Just like the tranny of old, the battery will run down after a number of hours of listening. But instead of having to buy new ones, I simply plug in and recharge. And the phone allows me to do lots of other stuff too (though that is not the point of this piece).
The problem with internet radio always used to be it’s lack of mobility, as well as the fact that in pre-broadband days it could be clunky and intermittent to listen to. Better connection speeds solved the reliability issue, while the smartphone has essentially liberated online radio from the home, and allowed it to go with you. Wifi is nice, but not essential – as long as there is 3G coverage, most radio station apps will work just fine.
I remember doing online broadcasts 10 years ago, and at times it could be a pretty lonely show. The emails came in, but they could not be described as thick and fast. These days, working with Caroline, my response from online listeners vastly outnumbers satellite ones, and it seems to be almost as easy for people to tune in as it used to be.
It’s funny that I never made the connection between the smartphone and those old, little portable radios before. It took the removal of my headphones, and a sudden reversion to that lower sound quality of yesteryear, for me to make the emotional connection.
Broadcasting is not necessarily about aerials and signals, any more than good radio is about vinyl rather than CD.
Radio is about the content, the connection, the passion.
The old transistor radio was just a tool to deliver that content to me, just as the new age tranny in my shirt pocket does in 2013.
Some shots of the 252Khz Longwave transmission tower in Co. Meath, Republic of Ireland, currently broadcasting RTE but originally erected for Atlantic 252. Pictures taken Sunday 17th March 2013.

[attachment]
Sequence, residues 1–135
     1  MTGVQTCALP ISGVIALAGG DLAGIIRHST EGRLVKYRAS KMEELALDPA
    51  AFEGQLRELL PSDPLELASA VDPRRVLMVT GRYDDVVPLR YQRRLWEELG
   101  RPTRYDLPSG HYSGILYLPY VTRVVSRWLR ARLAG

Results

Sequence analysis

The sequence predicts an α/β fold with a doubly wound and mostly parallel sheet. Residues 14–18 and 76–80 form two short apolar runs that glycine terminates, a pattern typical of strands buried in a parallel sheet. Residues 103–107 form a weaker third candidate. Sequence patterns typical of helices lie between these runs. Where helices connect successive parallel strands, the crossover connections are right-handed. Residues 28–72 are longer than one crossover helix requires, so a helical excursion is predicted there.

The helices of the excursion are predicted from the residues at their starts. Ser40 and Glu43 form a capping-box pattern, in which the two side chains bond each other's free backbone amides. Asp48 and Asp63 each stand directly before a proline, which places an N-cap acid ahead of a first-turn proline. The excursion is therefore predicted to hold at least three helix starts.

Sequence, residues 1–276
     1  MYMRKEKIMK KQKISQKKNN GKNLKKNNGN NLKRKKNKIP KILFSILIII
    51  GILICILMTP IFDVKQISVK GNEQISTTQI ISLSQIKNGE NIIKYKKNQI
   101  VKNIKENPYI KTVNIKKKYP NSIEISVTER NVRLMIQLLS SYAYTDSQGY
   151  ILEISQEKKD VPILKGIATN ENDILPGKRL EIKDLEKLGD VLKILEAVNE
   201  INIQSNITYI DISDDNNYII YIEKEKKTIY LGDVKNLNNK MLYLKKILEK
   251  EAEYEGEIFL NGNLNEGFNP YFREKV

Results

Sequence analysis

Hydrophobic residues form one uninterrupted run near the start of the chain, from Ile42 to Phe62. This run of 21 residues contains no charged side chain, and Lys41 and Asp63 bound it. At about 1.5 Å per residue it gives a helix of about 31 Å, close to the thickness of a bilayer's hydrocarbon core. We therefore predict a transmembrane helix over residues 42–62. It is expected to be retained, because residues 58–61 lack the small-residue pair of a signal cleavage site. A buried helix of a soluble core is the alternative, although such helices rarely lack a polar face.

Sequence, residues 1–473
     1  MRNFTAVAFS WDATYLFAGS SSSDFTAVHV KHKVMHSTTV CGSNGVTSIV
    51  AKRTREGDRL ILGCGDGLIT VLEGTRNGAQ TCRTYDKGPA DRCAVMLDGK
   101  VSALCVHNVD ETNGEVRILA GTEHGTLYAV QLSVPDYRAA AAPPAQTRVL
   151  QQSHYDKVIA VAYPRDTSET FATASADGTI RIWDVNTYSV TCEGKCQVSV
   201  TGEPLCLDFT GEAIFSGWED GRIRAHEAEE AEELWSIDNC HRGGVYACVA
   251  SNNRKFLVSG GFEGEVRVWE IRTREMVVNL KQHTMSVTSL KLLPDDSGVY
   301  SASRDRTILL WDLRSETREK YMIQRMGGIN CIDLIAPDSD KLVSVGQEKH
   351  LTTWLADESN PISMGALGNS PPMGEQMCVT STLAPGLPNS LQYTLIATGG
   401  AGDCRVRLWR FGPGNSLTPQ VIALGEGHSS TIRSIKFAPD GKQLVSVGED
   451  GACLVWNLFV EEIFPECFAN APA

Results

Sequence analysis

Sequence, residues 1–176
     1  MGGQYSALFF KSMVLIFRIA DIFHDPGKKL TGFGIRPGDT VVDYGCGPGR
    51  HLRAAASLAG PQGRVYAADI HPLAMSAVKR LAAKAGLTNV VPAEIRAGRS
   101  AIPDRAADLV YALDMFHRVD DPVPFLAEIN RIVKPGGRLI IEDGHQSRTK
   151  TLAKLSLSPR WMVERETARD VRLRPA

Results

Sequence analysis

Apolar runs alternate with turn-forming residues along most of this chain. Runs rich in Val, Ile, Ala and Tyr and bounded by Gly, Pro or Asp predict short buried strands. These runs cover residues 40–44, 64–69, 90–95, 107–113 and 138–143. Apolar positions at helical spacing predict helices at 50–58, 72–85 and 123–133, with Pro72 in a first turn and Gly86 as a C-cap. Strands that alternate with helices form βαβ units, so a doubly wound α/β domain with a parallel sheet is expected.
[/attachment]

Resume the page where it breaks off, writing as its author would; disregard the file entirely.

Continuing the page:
I don’t normally go out of my way to photograph broadcast sites – I usually prefer to think and talk about the content rather than the technology – but a friend in the UK asked me for some pictures, and as I was walking in a forest only about 20km away today I thought “why not?”.
So there you have it, 252 site on a typically misty St. Patricks Day.
Looming into the mist above the River Thames, this massive tower and crane captured my interest on a recent walk, but would later be the scene of a tragic helicopter accident.
Walking along the Thames Path from Westminster one cold and misty day in October 2012, I couldn’t help but be drawn to the sight of the massive tower under construction on the south bank of the river. Standing far taller than the surrounding skyline, the crane alongside and tethered to it served to make it look somewhat like a rocket on the launchpad, waiting to blast off with spacebound cargo, the image all the more appropriate given it’s location just streets away from the London HQ of the British Interplanetary Society.